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Tagged with: Connected Employees
On June 29, the Supreme Court ruled the admission programs at the University of North Carolina and Harvard College can no longer take race into consideration as a specific basis in admissions, effectively striking down longstanding affirmative action programs at universities across the country. In response, many legal experts and civil rights advocates shared how this decision could impact students, workers, and other groups beyond prospective university students.
The consequences of this ruling are still being determined, and employees may be experiencing increased anxiety as they wonder what this means for them, their families, and their workplace. Moreover, this isn’t the only issue on employees’ minds, as they are constantly being pushed stories and news updates about topics with real-world implications—legislation decisions, climate discussions, healthcare concerns, and more.
For most people, a job or career is a significant part of their identity—but only one aspect of how they define themselves. Employees have other roles, duties, obligations, and hobbies outside of their work, which means they may be dealing with stressful events that have nothing to do with you as an employer.
The constant, often troubling news cycle may also exacerbate any worry employees already feel, as they follow stories with potential outcomes that could affect themselves or their loved ones. This stress is amplified when political or social events happening outside of the workplace can potentially affect their experience inside of the workplace.
That’s why it’s more important than ever for organizations to acknowledge how the news relates to your industry, understand how it affects your employees, and convey this in open and honest communication to your workforce. Demonstrating empathy and allowing your employees to show up as their “whole person” on the job can be a release to the pressure valve.
Supporting your employees in times of uncertainty starts with making sure leaders and managers are aware of what current events could be impacting employees inside and outside of the workplace. This means following national news, as well as trade news that relates to your sector or industry. While this may feel like adding yet another thing to your to-do list, it can be as simple as taking 10-20 minutes each morning to read credible news sources. Often, your organization’s media relations or corporate communications team monitors issues that may affect both your industry and your employees. We recommend working closely with these teams to be sure they are aware of any niche topics they should keep track of.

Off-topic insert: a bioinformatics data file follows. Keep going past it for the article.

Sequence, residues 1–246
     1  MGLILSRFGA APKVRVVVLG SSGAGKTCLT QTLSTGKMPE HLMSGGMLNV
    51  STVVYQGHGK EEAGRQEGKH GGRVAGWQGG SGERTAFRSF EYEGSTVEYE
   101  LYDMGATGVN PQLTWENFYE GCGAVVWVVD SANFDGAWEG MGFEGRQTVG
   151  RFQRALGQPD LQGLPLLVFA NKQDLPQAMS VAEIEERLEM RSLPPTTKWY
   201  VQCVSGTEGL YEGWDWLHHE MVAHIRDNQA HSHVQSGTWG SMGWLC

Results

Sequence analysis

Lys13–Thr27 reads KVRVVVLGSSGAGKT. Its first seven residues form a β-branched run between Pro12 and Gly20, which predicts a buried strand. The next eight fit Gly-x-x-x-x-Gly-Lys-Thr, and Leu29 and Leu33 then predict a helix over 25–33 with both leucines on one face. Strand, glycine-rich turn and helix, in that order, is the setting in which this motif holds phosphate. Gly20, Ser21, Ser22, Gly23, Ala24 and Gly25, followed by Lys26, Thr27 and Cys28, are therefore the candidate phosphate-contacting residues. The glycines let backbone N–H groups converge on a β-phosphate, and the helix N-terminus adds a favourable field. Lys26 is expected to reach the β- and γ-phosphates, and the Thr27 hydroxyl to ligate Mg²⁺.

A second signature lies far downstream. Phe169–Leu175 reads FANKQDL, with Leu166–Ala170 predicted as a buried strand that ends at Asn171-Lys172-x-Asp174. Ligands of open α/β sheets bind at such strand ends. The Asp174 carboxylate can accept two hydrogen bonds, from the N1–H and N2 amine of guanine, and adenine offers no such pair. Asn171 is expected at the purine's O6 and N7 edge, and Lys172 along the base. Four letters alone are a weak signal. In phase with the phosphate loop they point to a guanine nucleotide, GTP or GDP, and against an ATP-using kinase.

When news breaks that could affect your employees or how your business operates, it’s important to quickly bring your leaders together to evaluate the immediate and long-term effects, determine your organization’s next steps, and then communicate openly and transparently with your employees. If you are not filling the information void on critical topics or addressing lingering uncertainties, you can be certain your detractors are – including labor unions. In fact, recent research shows that employees trust their CEO more than many other sources.
Leaders must be prepared to have conversations and answer questions from employees. Today’s workforce, especially those in younger generations, is more open than ever about daily stressors, so it’s important for managers to lead with empathy and understanding.
Back to the recent Supreme Court ruling on affirmative action: while it may appear to be an issue isolated to higher education, effective leaders are thinking now about how it will affect the future of their field. For example, in healthcare, this ruling may limit the diversity of healthcare providers entering the field – a concern for hospitals and care providers who are not only facing widespread staffing shortages, but who are also committed to hiring a workforce that represents the vast diversity of patients they serve.
This is an excellent time for organizations to prioritize their diversity, equity, and inclusion (DE&I) initiatives, which must be authentically embedded into their culture and long-term mission. Companies should not take for granted that employees will be as immersed in the company’s corporate values as leadership is, so consistently communicating with employees the steps they are taking to increase diversity will not only add value to the employee experience, but will help companies attract and retain the best talent. In fact, young employees from Generation-Z, for example, often evaluate a company’s values, like DE&I, when making employment decisions.
Here are some ideas on how to incorporate transparent and authentic DE&I initiatives into your organization’s communications:
At the end of the day, employees want to feel empowered and supported to show up as themselves and do good work. Communicating with employees in a timely and thoughtful way about major news events and providing additional support where necessary, whether it be making time for open conversations or educational resources, is a great way to help employees feel confident in their employer and in their ability to contribute to their full potential.
At IRI, we’ve helped clients across industries communicate current events effectively with their workforce. We believe every business is different, and each requires its own holistic and customized approach to communications. Whether you need an internal communications assessment, guidance in developing your internal communications strategy or social media strategy, digital media intelligence, crisis communications services, media relations, or media training, we have expert communications consultants who can quickly provide a specialized solution. Contact us using the chat on the right to discuss the next steps, or give us a call at (313) 965-0350.